Reintegrating Children from Orphanages in Cambodia

Written by on October 6, 2016 in The Blog with 0 Comments

Child in an orphanageI just read an excellent article in the Phnom Penh Post about reintegrating children from Cambodian orphanages into families.

More and more people are talking about the problems with orphanages, and that’s driving an increasing awareness that family-based care is a better option. I’m not talking about international adoption (which at best is a drop in the bucket, and at worst creates a market for child trafficking) or orphanages posing as “family-based care” (where the “families” are hired and live in a village/compound). I mean genuine efforts to keep children with their surviving parents or relatives (kinship care) or place them in loving foster families in the community. But many people say they want to see how family-based care will practically work in countries with high levels of poverty and dysfunctional government services, and I often hear doubts expressed about the possibility of reintegrating children from existing orphanages.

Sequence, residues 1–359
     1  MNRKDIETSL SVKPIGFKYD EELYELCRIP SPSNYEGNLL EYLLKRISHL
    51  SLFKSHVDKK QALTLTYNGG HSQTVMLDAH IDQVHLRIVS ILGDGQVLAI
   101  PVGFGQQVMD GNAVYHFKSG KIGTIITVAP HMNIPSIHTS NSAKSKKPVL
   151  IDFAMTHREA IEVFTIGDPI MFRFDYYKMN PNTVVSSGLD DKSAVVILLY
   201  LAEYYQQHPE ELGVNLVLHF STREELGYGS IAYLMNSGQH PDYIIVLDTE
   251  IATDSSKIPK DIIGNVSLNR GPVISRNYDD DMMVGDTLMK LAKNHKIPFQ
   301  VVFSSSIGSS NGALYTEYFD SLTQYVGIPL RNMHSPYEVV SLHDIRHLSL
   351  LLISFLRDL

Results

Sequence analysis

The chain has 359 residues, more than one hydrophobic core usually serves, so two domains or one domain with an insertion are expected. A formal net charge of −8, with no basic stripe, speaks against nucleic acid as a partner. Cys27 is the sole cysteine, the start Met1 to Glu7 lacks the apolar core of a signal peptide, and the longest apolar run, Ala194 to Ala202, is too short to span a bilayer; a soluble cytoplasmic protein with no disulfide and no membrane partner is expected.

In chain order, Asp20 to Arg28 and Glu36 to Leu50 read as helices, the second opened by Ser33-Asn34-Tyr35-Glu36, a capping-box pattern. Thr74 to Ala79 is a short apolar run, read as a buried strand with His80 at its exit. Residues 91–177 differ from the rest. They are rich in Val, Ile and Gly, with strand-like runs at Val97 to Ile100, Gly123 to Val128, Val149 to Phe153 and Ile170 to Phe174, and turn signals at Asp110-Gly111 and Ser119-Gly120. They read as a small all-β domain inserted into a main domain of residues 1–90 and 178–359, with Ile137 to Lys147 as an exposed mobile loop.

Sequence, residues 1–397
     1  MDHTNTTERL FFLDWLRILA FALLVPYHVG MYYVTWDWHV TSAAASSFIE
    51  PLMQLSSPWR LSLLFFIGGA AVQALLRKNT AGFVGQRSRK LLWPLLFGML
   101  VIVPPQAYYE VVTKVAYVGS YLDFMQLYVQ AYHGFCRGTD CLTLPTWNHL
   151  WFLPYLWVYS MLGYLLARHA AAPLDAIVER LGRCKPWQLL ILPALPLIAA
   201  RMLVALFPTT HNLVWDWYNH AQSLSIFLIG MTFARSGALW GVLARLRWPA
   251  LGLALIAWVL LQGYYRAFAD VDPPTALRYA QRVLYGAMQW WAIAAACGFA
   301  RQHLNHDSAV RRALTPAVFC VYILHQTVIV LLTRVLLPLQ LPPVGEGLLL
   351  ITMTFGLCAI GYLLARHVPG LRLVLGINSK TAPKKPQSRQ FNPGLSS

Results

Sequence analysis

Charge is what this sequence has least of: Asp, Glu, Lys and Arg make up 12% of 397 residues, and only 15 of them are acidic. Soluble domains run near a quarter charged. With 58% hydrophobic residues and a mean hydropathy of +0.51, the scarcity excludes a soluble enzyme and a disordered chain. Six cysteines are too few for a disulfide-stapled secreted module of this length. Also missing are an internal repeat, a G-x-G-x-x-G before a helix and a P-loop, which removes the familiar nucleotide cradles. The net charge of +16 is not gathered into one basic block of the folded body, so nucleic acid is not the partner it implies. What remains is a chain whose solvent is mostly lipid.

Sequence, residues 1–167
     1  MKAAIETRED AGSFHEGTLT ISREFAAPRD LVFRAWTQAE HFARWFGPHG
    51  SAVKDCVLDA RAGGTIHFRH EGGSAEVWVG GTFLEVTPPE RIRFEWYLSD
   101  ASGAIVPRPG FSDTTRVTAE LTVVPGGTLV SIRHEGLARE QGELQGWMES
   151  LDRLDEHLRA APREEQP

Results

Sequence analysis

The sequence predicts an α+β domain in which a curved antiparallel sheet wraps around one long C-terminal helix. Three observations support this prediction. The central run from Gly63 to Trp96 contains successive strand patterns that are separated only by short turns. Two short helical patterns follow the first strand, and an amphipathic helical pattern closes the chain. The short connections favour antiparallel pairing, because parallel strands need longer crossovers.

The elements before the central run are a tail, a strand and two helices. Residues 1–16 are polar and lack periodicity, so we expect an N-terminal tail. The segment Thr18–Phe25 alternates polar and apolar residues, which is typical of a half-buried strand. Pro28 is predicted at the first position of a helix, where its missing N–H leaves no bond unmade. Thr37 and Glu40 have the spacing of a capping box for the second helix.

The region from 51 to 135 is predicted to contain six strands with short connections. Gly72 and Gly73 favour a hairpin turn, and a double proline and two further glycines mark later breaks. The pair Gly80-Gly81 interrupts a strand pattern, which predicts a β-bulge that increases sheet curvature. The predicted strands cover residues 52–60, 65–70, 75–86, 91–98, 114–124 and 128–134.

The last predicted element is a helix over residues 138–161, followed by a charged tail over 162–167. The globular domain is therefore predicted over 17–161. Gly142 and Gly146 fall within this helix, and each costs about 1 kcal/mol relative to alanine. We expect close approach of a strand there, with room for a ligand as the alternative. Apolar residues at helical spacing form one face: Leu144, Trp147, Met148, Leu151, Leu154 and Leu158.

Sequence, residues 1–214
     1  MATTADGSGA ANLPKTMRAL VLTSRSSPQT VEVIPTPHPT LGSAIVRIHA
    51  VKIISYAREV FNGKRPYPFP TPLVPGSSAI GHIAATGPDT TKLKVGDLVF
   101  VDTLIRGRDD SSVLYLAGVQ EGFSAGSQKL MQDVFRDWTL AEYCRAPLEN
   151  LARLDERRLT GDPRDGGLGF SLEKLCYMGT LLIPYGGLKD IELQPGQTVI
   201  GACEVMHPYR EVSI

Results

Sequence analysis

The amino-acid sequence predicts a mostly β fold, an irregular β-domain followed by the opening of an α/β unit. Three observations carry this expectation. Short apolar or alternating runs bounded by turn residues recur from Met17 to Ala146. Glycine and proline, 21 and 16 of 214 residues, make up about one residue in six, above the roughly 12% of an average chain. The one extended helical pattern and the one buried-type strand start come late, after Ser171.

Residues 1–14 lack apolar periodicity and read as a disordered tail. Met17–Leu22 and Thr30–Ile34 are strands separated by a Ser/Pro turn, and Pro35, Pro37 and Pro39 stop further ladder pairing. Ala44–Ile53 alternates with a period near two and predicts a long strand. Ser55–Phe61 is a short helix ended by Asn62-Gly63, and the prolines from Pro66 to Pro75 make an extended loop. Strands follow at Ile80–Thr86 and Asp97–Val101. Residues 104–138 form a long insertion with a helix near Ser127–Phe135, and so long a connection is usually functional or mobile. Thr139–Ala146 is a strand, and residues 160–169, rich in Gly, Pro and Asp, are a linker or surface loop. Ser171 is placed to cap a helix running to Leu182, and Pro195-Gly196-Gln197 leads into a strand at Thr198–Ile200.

Truly, I think the challenges and questions are significant. I have friends who have to face them, and I don’t mean to downplay the difficulties of the road ahead — although I think it’s worth it and one of the keys is to shift funding this direction.

Back to the article in the Phnom Penh Post, it reports both progress and challenges of reintegration. One surprising fact I learned is that a new survey has found that FAR MORE Cambodian children are living in orphanages than the number previously reported. The new estimate is that 49,000 children are living in orphanages (compared to the old estimate of about 12,000). Many of the orphanages are unregistered and unregulated, and (as has been said again and again) 80-90 percent of the children have living parents.

Andy Gray

About the Author

About the Author: Andy Gray hosts and writes for Uniting for Children. He lives in Cambodia with his family where he works with Alongsiders International. He wrote Home, a Cambodian story and created the video “Why Not a Family?.